The diaphragm assembly may include one or more diaphragms 16 and 17, spaced from each other, to form a chamber 15a therebetween. A vent valve 18 may be connected to the chamber 15a while a pressure by-pass line 19 and pressure regulating valve 20 interconnects the driver and the chamber 15a to pressurize the chamber at approximately 50% of the driver pressure. Because the driver is pressurized to a relatively high pressure with a heated gas, e.g., 2,250 psi at 700 degrees F., for example, the diaphragm 17 normally would have to be rather thick to withstand such pressure. When the diaphragm bursts, the petals formed must bend a full 90 degrees to fully open and the amount of metal strain at the bend of a thick plate will probably exceed the allowable, causing cracks and rupture at the bend line. Thus, when fired, it is possible that fragments of the thick diaphragm may be propelled supersonically down the shocktube. To reduce the tendency of such high velocity relatively large projectiles from the fragmented diaphragm, the by-pass system operates to provide a pressure approximately 50% of the driver pressure on the back side of diaphragm 17 thereby reducing the thickness needed for the diaphragm and reducing the fragment size. This requires a second diaphragm 16 of equal thickness. Another reason that thin diaphragms are advantageous is that the thick petals formed when a single high pressure diaphragm is burst, may not fully open to allow full flow of the gas. Furthermore, dual diaphragms can be actuated without the use of explosives by venting chamber 15a with valve 18. When the chamber pressure drops to approximately 25% of driver pressure, the upstream diaphragm 17, ruptures and the gas pressure rise in the venting pressure ruptures downstream diaphragm 16. Some operators merely increase the pressure in chamber 15a until diaphragm 16 ruptures, followed by diaphragm 17. Both methods have advantages and disadvantages.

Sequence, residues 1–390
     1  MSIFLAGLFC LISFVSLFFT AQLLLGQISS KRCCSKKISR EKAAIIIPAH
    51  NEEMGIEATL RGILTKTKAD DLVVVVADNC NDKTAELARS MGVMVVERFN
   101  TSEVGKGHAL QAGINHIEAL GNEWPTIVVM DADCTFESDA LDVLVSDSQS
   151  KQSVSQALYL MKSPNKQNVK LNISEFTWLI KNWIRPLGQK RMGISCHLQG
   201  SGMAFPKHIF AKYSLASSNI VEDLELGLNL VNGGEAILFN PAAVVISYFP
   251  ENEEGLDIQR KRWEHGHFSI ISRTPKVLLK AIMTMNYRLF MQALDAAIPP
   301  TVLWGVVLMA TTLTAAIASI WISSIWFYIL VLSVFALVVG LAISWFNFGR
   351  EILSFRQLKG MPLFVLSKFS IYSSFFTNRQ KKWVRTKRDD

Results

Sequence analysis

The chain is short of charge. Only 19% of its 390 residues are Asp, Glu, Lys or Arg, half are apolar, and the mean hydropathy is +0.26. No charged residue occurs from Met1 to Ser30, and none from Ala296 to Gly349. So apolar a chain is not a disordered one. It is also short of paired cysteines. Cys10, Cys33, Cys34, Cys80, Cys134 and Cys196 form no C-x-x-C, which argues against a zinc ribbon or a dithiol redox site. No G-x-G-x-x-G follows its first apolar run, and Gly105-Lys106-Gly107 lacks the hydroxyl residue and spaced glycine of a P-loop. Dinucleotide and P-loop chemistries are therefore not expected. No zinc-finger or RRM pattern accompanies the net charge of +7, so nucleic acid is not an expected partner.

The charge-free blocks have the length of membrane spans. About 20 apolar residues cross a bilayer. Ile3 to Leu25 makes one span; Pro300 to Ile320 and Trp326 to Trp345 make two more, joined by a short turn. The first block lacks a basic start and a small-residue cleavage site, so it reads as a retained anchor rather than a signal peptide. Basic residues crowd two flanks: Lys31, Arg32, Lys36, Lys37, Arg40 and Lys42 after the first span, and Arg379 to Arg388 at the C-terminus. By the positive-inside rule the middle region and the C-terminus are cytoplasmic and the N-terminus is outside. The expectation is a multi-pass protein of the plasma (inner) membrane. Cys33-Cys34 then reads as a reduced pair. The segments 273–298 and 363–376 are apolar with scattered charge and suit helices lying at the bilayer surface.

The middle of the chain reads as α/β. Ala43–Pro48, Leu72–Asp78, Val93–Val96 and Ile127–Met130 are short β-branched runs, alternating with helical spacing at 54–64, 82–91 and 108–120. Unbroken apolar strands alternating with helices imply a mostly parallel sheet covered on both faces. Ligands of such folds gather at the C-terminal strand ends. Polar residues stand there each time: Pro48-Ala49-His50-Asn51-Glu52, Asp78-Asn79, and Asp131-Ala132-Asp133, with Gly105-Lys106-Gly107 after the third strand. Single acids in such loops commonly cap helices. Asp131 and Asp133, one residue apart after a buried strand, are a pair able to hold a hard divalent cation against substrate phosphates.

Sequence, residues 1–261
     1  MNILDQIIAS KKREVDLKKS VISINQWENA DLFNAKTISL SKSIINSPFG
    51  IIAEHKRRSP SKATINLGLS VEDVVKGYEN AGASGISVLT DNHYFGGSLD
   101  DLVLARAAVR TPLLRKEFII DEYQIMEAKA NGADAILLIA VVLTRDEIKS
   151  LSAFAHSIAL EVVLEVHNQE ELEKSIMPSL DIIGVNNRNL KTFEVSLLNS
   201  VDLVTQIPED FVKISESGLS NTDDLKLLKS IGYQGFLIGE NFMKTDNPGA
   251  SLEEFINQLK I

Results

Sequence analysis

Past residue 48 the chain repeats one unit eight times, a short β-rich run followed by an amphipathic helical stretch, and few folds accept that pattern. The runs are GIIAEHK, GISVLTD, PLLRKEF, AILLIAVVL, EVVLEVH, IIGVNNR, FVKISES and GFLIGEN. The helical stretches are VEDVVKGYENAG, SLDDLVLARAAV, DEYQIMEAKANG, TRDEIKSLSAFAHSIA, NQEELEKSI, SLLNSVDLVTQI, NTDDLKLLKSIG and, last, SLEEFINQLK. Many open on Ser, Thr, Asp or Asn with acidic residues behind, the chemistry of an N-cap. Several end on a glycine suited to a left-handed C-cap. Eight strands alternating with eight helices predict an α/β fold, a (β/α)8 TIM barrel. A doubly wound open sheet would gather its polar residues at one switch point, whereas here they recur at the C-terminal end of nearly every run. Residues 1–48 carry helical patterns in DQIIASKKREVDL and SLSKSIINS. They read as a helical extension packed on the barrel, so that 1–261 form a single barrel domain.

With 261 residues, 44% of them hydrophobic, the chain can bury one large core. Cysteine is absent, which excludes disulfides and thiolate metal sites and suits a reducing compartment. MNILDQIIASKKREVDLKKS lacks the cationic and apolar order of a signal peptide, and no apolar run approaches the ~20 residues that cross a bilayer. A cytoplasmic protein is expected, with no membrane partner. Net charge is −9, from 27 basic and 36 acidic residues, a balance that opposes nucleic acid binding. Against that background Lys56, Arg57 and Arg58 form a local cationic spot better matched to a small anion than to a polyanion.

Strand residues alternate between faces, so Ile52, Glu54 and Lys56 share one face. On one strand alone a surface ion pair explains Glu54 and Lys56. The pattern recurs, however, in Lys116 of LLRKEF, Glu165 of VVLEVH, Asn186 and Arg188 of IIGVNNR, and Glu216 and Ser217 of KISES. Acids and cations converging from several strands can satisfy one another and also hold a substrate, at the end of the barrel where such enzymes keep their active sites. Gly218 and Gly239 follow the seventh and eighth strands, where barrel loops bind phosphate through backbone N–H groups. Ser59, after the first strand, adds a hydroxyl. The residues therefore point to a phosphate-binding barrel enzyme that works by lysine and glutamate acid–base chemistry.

Connected to receive the gas from the diaphragm section 15 is a supersonic expansion nozzle 30. The nozzle may be any one of several different types such as a diverging nozzle or a converging-diverging nozzle (DeLaval). A DeLaval nozzle operates quite satisfactorily. The open end 31a of the nozzle is located in an expansion tube 35, the latter in the form of elongated tube which may be semi-circular, rectangular or cylindrical, depending upon design. Located within the expansion tube 35 is the test article 37 to be tested. The expansion tube may be of the open or closed type, that is, the end of the tube near the expansion nozzle may be sealed to the outer surface of the nozzle or the end of the tube may be open.

Also forming part of the shock tube assembly is a gas supply system generally designated 50 and may include a supply 51 of the gas to be used, either as a pressurized gas or a liquified gas, although cryogenic liquid nitrogen gas is preferred in accordance with this invention. Gas from the storage system is flowed through a pump 52 and then to the pebble-bed evaporator/superheater 55 in accordance. With this invention. The output of the pebble-bed evaporator/superheater is connected to the driver 12, as illustrated.